By Dr Carlos Bugeja - Partner
Our Civil Code (Chapter 16 of the Laws of Malta), the law which incorporates the most important laws relating to private rights, was consolidated into one thick book way back in 1870. With the passing of time, this law was retouched, improved, and amended several times; yet, there are still articles of law which remain unchanged, despite the passing of more than one hundred and fifty years. One of these infamous article is 427, a provision which is unknown to many, despite its importance.
Article 427 of the Civil Code (Chapter 16 of the Laws of Malta) reads:
“(1) The person in whose building there are stairs leading to the roof, is bound to raise at his own expense the party-wall to the extent of one metre and eighty centimetres above the level of the roof.
(2) The portion of the wall above the level of the roof must be of the same thickness as the party-wall below such level.
(3) Where both neighbours have stairs leading to their respective roofs, each of them may compel the other to contribute half the expense necessary for raising the height of the party-wall as aforesaid.”
At the helm of this principle is the concept of vertical ownership; he who owns a property is presumed at law to own the airspace above it, unless there’s proof to the contrary. That means that we often see situations where the owner of a a roof may enjoy a party wall in common with the owner of the yard floor. This gives him responsibilities, among which that under article 427(1) of the Civil Code.
The owner of the topmost roof in fig. 1 is bound by law to raise the party wall to 1.80m above the level of the roof (or if it is a terrace, from its footing); this ċinta is the opramorta, and by law, if the owner of the roof has access thereto, he is obliged to raise the external wall to this height. The idea is that with an external wall of such a height, the owner of the accessible roof would be unable to pry upon the neighbour on the ground floor, that is the neighbour with whom he shares the party-wall. The interpretation of our courts is that where there is an accessible footing adjacent to the party wall (thus, even a terrace), this law has to be applied, independent of the fact that such a high and bland wall may be deemed unsightly.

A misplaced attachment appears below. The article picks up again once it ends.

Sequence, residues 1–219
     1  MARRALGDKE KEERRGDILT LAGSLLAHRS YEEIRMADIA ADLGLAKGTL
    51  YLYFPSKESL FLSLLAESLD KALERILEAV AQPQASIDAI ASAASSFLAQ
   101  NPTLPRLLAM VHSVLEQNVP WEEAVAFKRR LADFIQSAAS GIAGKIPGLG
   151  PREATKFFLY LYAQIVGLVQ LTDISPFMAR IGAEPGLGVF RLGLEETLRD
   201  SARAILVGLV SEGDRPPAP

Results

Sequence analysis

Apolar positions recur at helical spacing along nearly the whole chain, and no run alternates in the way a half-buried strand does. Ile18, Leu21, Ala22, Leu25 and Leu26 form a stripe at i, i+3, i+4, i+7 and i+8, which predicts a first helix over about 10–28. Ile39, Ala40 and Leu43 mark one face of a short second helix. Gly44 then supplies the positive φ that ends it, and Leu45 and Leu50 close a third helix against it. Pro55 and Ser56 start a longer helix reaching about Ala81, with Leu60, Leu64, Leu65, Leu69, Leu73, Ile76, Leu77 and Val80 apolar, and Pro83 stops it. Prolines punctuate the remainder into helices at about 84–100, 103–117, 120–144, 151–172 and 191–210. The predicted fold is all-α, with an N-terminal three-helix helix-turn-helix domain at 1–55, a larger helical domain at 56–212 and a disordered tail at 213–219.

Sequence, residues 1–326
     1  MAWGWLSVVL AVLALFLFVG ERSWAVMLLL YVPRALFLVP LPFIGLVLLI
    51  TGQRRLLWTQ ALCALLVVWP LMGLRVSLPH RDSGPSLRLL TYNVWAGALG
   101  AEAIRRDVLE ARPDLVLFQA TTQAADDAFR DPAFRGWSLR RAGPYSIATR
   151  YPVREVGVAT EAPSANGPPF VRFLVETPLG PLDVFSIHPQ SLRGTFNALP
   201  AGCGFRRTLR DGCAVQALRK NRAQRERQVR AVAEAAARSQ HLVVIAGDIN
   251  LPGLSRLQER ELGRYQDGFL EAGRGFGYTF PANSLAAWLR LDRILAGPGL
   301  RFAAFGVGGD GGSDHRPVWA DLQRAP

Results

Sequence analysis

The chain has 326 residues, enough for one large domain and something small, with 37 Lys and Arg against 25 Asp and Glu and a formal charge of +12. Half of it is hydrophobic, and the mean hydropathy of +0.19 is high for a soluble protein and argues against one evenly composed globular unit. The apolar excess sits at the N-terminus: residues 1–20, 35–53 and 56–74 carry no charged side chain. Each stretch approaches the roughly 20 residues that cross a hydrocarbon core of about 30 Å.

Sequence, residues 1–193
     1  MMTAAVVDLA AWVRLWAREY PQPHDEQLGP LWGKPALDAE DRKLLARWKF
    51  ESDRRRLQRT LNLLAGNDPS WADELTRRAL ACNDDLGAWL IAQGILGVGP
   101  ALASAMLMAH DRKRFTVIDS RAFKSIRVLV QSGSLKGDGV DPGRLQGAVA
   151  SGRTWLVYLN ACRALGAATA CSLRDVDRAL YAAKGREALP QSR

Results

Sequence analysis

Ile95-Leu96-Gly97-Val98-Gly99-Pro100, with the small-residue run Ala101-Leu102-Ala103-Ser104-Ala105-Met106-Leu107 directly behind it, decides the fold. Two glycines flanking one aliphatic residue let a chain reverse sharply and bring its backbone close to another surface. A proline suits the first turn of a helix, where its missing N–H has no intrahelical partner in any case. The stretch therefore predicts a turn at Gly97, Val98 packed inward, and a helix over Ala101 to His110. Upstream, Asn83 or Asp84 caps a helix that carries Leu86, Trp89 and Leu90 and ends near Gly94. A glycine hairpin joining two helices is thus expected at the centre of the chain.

The idea expressed by our courts is that “persuna għandha dritt fi kwalunkwe żmien tesiġi li l-opramorta tipproteġih mis-suġġezzjoni tal-vicin” (Court of Appeal, 28/10/1991). A wall must be solid - glass panels or railings won't do, for "...meta persuna tkun mal-poġġaman tal-metall li qiegħed fuq il-ħajt li jifred iż-żewġ proprjetajiet, il-possibbiltà li wieħed jittawwal ġo proprjetà ta' latturi hija waħda bla tfixxkil ta' xejn.” As seemingly odd as this rule is, and even though it was promulgated in a time where buildings in Malta were completely different than they are today, it is really and truly part our of law, and subject of various judgments throughout the years, including recent ones (see for example the judgment of 28/5/2021, delivered by the Courts of Magistrates (Superior Jurisdiction - Gozo) in the names of Josephine Azzopardi et vs George Pace et.
There are solutions to this building (and why not, aesthetic) problem, and all these solutions involving the installation of a 'barrier' from prying. It was stated by our courts that the owner "...għandu d-dritt li jagħżel li jevita l-opramorta billi jirrendi t-terrazzini tiegħu jew xi parti minnhom inaċċessibbli" (Court of Appeal, 11/11/1997). The nature of this 'barrier' or impediment is not easily discernible or qualifiable; in each case, the court will have to decide whether the impediment put qualifies as a 'xkiel' to access for the purpose of avoiding the looking onto a neighbours property. More often than not, this depends on the nature of the case.
Dr Carlos Bugeja is a Partner at PROLEGAL Advocates.
Disclaimer: This article is not to be construed as being legal advice, and is not to be acted on as such. Should you require further information or legal assistance, please do not hesitate to contact Dr Carlos Bugeja at email@example.com.